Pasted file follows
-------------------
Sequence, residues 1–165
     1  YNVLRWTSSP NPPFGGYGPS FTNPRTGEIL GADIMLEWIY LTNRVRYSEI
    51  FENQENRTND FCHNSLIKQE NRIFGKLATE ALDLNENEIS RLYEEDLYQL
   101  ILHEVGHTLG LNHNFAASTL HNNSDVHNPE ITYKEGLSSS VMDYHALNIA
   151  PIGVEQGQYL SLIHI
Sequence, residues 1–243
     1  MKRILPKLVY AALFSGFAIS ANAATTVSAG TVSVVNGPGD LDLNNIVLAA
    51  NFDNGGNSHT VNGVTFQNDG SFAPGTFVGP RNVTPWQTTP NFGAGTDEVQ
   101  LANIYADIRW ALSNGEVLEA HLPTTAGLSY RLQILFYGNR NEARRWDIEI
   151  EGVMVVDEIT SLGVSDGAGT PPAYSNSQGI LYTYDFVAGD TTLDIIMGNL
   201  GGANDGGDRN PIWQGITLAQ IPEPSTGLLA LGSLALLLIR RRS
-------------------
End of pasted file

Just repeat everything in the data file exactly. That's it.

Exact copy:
Sequence, residues 1–165
     1  YNVLRWTSSP NPPFGGYGPS FTNPRTGEIL GADIMLEWIY LTNRVRYSEI
    51  FENQENRTND FCHNSLIKQE NRIFGKLATE ALDLNENEIS RLYEEDLYQL
   101  ILHEVGHTLG LNHNFAASTL HNNSDVHNPE ITYKEGLSSS VMDYHALNIA
   151  PIGVEQGQYL SLIHI
Sequence, residues 1–243
     1  MKRILPKLVY AALFSGFAIS ANAATTVSAG TVSVVNGPGD LDLNNIVLAA
    51  NFDNGGNSHT VNGVTFQNDG SFAPGTFVGP RNVTPWQTTP NFGAGTDEVQ
   101  LANIYADIRW ALSNGEVLEA HLPTTAGLSY RLQILFYGNR NEARRWDIEI
   151  EGVMVVDEIT SLGVSDGAGT PPAYSNSQGI LYTYDFVAGD TTLDIIMGNL
   201  GGANDGGDRN PIWQGITLAQ IPEPSTGLLA LGSLALLLIR RRS